Art photographer . film Director . Visual Artist


“La Sublimation”

    / L’ART DE  /

Tous les matins, je me réveille en colère et je ne sais pas pourquoi...

"Au fil du temps, objets, lieux ou personnages à travers lesquels
se forgent notre identité se dissipent, muant en souvenirs aux formes diaphanes. Le poids de leur sens, les frustrations ou fiertés engendrées s’enterrent lentement dans nos quotidiens,
aux portes de l’oubli.

Et la mémoire, engoncée dans ce quotidien perd le fil
si bien qu’on ne sait plus pourquoi on pleure, pourquoi on aime ou même pourquoi on vit. 

Mes photos veulent sublimer ces traumas qui font partie de nous
pour leur rendre toute leur altérité.
Prolonger ces instants cruels et bruts, les mémoriser en une scène, leur donner une place, les faire exister.
C’est un combat contre le temps, l’espace, et tous leurs éléments. 

Un dernier hommage avant le déluge des ans, avant l’oubli.
Je crée parce que j’essaie de me rappeler... De me rappeler pourquoi je suis en colère"
________________________________Prisca [LaFurie]

                  Moi à 7 ans avant le rituel capilaire qui a changé ma vie...


        photomontage & collage,
        pigment printing process. baryta paper

        photos-numbered (Limited Edition)

            « Mwana Mundele Suki Lala »

                    - The little white boy’s hair sleeps -
                       {in lingala, my mother tongue}  


french version︎

For many years, back in Kinshasa, I have said this same sentence while looking at the hair of my fellow European friends at school. «The little white boy’s hair sleeps» Smooth, malleable, when mine had to be tamed…

Straightening, plaiting, relaxing… :
The typical routine of most African women around the world. A habit so common and widespread, that I’ve always considered normal myself. Just as we had different clothes for different occasions, it was usual to change hairstyles for funerals, baptisms, weddings, births, birthdays or parties was usual. And it was so natural that it was going as far as changing the texture of the hair, its colour and nature on a regular basis. So was seeing my grandmother put on her wedding or funeral wig and hiding her beautiful hair under a synthetic apparel to assert even more her beauty.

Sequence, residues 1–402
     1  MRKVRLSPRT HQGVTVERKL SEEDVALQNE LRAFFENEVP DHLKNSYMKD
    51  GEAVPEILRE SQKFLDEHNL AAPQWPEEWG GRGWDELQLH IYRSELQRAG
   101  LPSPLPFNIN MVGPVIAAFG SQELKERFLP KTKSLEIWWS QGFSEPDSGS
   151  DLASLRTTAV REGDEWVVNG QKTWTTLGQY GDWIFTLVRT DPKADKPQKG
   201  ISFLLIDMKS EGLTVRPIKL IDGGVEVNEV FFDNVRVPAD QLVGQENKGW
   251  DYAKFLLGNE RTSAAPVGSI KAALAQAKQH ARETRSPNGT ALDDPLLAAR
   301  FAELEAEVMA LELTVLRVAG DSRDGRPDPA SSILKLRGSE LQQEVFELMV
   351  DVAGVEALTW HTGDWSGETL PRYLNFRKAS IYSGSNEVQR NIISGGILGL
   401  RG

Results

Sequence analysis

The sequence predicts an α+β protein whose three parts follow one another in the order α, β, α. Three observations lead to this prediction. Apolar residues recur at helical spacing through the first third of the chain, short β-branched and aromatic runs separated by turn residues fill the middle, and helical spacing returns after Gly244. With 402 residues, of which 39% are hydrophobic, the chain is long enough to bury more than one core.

All that to be « presentable » and comply with beauty standards that Africa has inherited from the occidental world. This ancient habit had appeared in the African continent under slavery and went on after colonialism. With hairpieces and wigs as their prerogatives, white people determined social rank and beauty standards. And as time passed, those aesthetic codes ended up crushing our own leaving room for an unattainable ideal. Long and smooth, coloured blond, brown, auburn or ginger… Anything but the curly, fuzzy, uncontrollable hair consciously or unconsciously rejected by African women.

And I was no exception.

It all began when I was 10. The age when feminine ideal requires all Congolese girls to relax their hair, like a rite of passage, the entry to the adult world. Despite the constraints and risk of loosing hair, this ceremonial came into my life, only to be questioned 20 years later. Giving up into laziness and tiredness,
I thought to myself: Why should I be a replica of white standards?
This psychological introspection, materialized through the banishment of the relaxer from my beauty routine and soon after, began a long struggle against my own perceptions.



From the «Your hair is untidy!» of anxious parents to the aggressive «Monkey!», an African waitress has once thrown at me…
I soon started to face the first judgments, the first remarks that were finally just the mirror of my own perception of beauty.
For I, was never even able to find beauty in my own fuzzy hair.

The path I was walking on did not seem peaceful.
On this very long, slow and hard path of self-acceptation, a strong desire to own my hair back arose. But history was and is still present, very much part of my life and my beauty routine.
Denying the existence of these habits is vain.

SUKI illustrates the struggles and the conflicts of this journey. By confronting each beauty standard with their origins, showing the techniques created to enslave Africa through hair, the photographic series reveal a new and emancipated Africa. That same Africa torn between today’s imposed culture, reappropriation of its own
and firm determination to build a future 

SUKI, like hair in lingala, SUKI because I am from Congo, SUKI as an antidote, an escape. My escape.

_ all rights reserved © 2018 paris - France _




Every morning I wake up with such fury! I don’t even know why...-“Can rage lead to salvation?”-

"Over time, Places or people who had an impact in our identity dissapear.
Buried in our everyday lives. Our memories, things, traditions we were once tought
to be proud of are forgotten.
However, certain traumas remain. Leading room for unexplained fustrations or anger.
Day after day, we forget... why we cry, why we love or even what we live for.

My depictions want to express the traumas that we inherited
that became part of our identities over the years and that we are continuously
brushing off. I want to bring them to life, give them a space,
respecting all forms of otherness. It’s a battle against time, space
and everything fading away.
One last tribute before it all falls into oblivion.
One last attempt to keep a memory of, a trace of -
I create because I am trying to remember... May be I will know why I am angry.
May be I’ll be free”  

- pardon my french -

________________________________Prisca [LaFurie]